When we come into a difficult season, it can be tempting to pull back on giving. So then, how do we navigate financial management and give during tough times?
God’s Word has the answers.
There are a number of places in the Bible for us to look to gain wisdom and insight into being wise investors, faithful servants, and good stewards. Today we are going to look at the parable of the minas and glean 4 lessons that we should prayerfully consider as we work for God’s Kingdom purposes.
Wise Investors and Faithful Servants | 4 Lessons from the Parable of the Minas
In Luke 19, Jesus shares the parable of the minas. What is a mina? It is a unit of currency. Jesus was teaching about how to be wise investors and faithful servants with the money we are given.
The Purpose of the Parable
Jesus’ purpose of teaching the parable was to communicate to those with Him that the Lord had an assignment for His faithful servants to complete before He returned to rule on earth.
- Those who were following Jesus as the time “thought the kingdom of God would appear immediately” (Luke 19:11).
- Jesus used the parable to explain that His servants had responsibilities to fulfill before He would come to rule as King and establish His government.
Jesus used the parable to describe how citizens of His Kingdom are to…
- Be responsible with what God has provided
- Be wise investors and actually invest in God’s Kingdom (the servant who hid the mina is a warning)
- Be faithful servants and work towards God’s goals and purposes
The parable story starts with a nobleman who traveled to a far-off country to claim his crown as king. He gave his servants money and asked them to put the money to work until his return.
How the Parable Teaches about Being Wise Investors
How do you put money to work? You do something with it. In Luke 11:15, it says when the nobleman returned, he wanted to “… know how much every man had gained by trading.”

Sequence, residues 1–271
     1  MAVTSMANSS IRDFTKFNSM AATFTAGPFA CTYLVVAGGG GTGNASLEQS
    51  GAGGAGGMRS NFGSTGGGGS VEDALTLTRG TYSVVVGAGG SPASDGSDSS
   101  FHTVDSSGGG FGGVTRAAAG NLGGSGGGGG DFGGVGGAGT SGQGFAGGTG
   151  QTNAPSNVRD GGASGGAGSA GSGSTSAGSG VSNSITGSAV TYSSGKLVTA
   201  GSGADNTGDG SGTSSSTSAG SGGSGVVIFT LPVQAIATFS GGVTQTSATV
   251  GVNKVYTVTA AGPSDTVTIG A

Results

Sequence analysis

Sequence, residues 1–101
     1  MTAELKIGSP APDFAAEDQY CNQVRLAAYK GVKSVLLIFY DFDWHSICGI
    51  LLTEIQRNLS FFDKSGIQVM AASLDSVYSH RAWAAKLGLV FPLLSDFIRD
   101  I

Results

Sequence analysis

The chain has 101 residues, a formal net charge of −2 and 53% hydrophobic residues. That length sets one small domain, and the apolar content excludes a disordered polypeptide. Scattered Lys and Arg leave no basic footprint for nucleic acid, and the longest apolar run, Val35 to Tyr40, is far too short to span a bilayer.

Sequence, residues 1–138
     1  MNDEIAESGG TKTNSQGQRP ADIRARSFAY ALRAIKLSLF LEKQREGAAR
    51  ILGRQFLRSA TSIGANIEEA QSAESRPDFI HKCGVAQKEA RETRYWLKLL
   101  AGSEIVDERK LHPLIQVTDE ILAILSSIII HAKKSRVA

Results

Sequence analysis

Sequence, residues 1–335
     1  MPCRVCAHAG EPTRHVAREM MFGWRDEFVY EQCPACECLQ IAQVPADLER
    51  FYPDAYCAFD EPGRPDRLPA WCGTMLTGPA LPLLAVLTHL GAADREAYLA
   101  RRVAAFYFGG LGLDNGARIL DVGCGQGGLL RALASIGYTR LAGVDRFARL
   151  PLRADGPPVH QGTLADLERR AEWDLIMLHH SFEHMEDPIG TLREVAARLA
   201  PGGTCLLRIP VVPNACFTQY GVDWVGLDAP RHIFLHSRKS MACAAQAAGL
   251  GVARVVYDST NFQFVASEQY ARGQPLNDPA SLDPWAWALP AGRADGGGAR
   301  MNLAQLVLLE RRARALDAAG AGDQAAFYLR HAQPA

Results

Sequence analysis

How do you make money gain or multiply? You become a wise investor, just as the first servant in the parable did.
- “Then came the first, saying, ‘Master, your mina has earned ten minas.’ And he said to him, ‘Well done, good servant; because you were faithful in a very little, have authority over ten cities.’”—Luke 19:16-17
This passage tells us that we cannot limit God’s callings for our lives to serving and preaching, although those are clearly crucial. Therefore, be a wise investor, stewarding your money and serving in His Kingdom. This principle will result in a multiplication of blessings as described by the words “faithful in a very little, have authority over ten cities.”
How the Parable Teaches about Being Faithful Servants
Faith means to believe, trust, and remain loyal to the Lord. Paul describes faith in Hebrews 11 as an assurance of things hoped for and a conviction, or formal declaration of things not seen.
Therefore, a faithful servant of Jesus is one who wholeheartedly believes and loyally surrenders to Him, expecting and anticipating Him to fulfill His promises and Word completely.
In other words, if God’s Word says to trust that He will open the floodgates of Heaven and pour out blessings…
- You believe it
- You declare it
- You obey His Word
In Malachi 3:10, God tells us how to obey… to give an offering from what we have received.
- “Bring all the tithes into the storehouse, that there may be food in My house, and try me in this… I will… pour out for you such blessings that there will not be room enough to receive it.”
Why do you suppose the Lord talked about biblical principles of finance? There are a number of reasons!
- To show us how to surrender our hearts to Him fully
- To reveal what it means to be a faithful servant
- To show the world that God’s ways are higher than man’s
- To give us keys to being wise investors
- To bless us
When we take a portion of what we have received and “gain by trading,” the Lord gives us more. Therefore, be a faithful servant who activates the gift, and God will multiply it. The reward of a faithful servant is more authority, more responsibility, and more trust.
What about the Subjects Who Hated the Nobleman?
Luke 19:14 says…
- “But his citizens hate him, and sent a delegation after him, saying ‘We will not have this man to reign over us.’”
Note that there is a difference in the two groups of people mentioned in the parable. Some were servants, and others were citizens. This difference suggests that those who are not servants of Jesus will despise and reject doing God’s business. The nobleman did nothing to deserve this rejection.